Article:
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Guidance on smoking

5 March 2015

Smoking in NHS mental health and learning disability inpatient services 

*UPDATE* On 11 April 2017 the UK Supreme Court overruled the smoking ban at the State Hospital after an appeal by a patient. We are currently reviewing our guidance in light of these changes. 

Find out more

Smoking has been banned in public places in Scotland since 2006 by virtue of the Smoking, Health and Social Care (Scotland) Act 2005. The law does, however, make an exemption from the ban for residential mental health institutions, where it permits smoking in designated indoor rooms, if the health board or hospital decides to allow it.  

During its visit programme, the Commission has visited NHS health board areas where there is a complete ban on smoking, including within the hospital grounds. We have also visited  hospitals where smoking rooms are still provided.  We have found that practices can vary greatly from hospital to hospital, even within the same health board area. 

The Commission is often asked its opinion on whether smoking in mental health and learning disability inpatient services should be permitted.  We have said previously that whether to allow smoking in designated areas within a mental health facility is ultimately a matter for hospital/service managers. Following a recent court case, there has been further discussion about this issue and again we have been asked our view. 

The current legal position is:

It is not considered a breach of human rights for hospital managers to ban smoking in their facilities. There is no legal reason why hospital managers cannot ban smoking.

In December 2011, the State Hospital at Carstairs introduced a smoking ban. In 2013, a patient won a court ruling that the smoking ban at the facility breached his human rights.  The State Hospital appealed this and, on 12 August 2014, Lord Carloway ruled that: "the decision about whether patients, or indeed staff and visitors, should be permitted to smoke within the boundaries of the State Hospital was, and is, one of management."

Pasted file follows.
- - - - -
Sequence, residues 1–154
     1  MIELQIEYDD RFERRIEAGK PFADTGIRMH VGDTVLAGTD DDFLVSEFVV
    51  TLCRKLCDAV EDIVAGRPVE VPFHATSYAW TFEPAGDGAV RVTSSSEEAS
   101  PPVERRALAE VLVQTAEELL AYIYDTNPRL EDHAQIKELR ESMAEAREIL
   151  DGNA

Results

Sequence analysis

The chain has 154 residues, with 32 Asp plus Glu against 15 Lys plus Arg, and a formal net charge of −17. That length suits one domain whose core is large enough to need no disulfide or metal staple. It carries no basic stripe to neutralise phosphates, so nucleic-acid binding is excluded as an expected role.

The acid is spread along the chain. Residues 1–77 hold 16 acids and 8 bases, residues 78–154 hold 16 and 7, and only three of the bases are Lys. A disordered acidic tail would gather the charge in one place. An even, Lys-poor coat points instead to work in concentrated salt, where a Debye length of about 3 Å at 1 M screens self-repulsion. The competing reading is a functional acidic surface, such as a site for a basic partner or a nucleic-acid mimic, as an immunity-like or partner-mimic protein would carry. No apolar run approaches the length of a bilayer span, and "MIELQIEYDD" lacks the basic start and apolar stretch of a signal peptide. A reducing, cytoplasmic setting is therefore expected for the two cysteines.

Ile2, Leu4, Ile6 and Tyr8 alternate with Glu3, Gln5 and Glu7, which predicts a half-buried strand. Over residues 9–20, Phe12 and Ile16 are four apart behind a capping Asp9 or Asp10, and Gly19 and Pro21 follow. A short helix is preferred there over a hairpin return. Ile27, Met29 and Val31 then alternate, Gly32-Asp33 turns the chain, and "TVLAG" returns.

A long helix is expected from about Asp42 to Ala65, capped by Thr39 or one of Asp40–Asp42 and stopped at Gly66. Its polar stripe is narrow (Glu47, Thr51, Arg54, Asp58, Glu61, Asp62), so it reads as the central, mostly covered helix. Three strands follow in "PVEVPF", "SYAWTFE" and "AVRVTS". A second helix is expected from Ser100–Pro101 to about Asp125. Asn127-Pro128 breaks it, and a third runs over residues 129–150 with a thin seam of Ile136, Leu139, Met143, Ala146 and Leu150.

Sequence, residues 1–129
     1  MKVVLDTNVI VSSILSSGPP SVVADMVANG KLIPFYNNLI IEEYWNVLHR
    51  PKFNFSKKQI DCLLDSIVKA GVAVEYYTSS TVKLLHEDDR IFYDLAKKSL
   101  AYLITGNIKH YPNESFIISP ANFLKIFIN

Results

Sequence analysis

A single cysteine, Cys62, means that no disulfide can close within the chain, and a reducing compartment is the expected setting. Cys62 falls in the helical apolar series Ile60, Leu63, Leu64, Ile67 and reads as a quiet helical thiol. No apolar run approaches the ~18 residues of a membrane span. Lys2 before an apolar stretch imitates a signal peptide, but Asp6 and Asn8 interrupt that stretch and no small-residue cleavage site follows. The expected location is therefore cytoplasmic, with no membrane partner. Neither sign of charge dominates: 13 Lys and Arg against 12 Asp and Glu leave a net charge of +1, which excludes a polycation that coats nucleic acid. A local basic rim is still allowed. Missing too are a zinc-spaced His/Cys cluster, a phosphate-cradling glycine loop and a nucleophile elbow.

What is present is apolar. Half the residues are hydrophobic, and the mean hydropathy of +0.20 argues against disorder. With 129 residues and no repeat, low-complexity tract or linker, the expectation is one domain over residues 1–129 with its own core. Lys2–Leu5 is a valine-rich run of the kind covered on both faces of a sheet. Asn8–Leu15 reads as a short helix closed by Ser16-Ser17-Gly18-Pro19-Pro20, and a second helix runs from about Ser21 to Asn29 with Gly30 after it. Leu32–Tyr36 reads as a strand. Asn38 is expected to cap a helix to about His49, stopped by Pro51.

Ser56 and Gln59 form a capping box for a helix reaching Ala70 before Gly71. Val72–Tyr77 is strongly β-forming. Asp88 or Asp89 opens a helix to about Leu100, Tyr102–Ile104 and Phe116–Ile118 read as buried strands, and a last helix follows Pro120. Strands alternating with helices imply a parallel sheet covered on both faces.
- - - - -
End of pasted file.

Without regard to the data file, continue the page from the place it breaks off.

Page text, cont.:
He added that: "It is not for the court to review the merits of the decision and to substitute its own views on the desirability of imposing a comprehensive smoking ban in the State Hospital', further noting that the ban was 'proportionate to the legitimate aim of promoting the health of those detained and those at work."   

What we think 

The Commission is of the opinion that hospital managers are legally entitled to ban smoking in a hospital and in its grounds if they see fit. This is also the position stated in the Scottish Government's 'Smoke Free Mental Health Services in Scotland Implementation Guidance', published by NHS Scotland in 2011.  Our concern is that people with mental health problems face some of the greatest health inequalities in Scotland.  They are much more likely to suffer chronic physical ill health, and premature death, than the general population. The Commission understands and fully supports the drive to reduce smoking rates and associated smoking related diseases in people with mental ill health. 

In previous guidance, we stated that there was little evidence of any link between stopping smoking and treatment outcomes, but it is now established that stopping smoking can have a beneficial effect on the efficacy of some medications, and on mental health and well being in general. We believe that many smokers with mental health problems do wish to stop smoking, and should receive as much help and encouragement as possible to stop. All patients in mental health service facilities  must have quick and easy access to a smoking cessation specialist, and a member of staff should be identified as the smoking cessation 'link person' in every ward/unit.

There is often a lack of provision of therapeutic activities available to patients in mental health wards/units, and we believe that a lack of diversionary activities can increase the amount of cigarettes that people smoke. Many people describe using cigarettes as a way of dealing with stress and anxiety, and mental health services need to be able to provide alternative methods to help manage this. 

Taylor G et al, 2014, Change in mental health after smoking cessation: systematic review and meta-analysis, BMJ 2014; 348:   

Ratschen, E. Britton, J. McNeill, A. 2009. Implementation of smoke-free policies in mental health in-patient settings in England. The British Journal of Psychiatry, 154, pp. 547-551.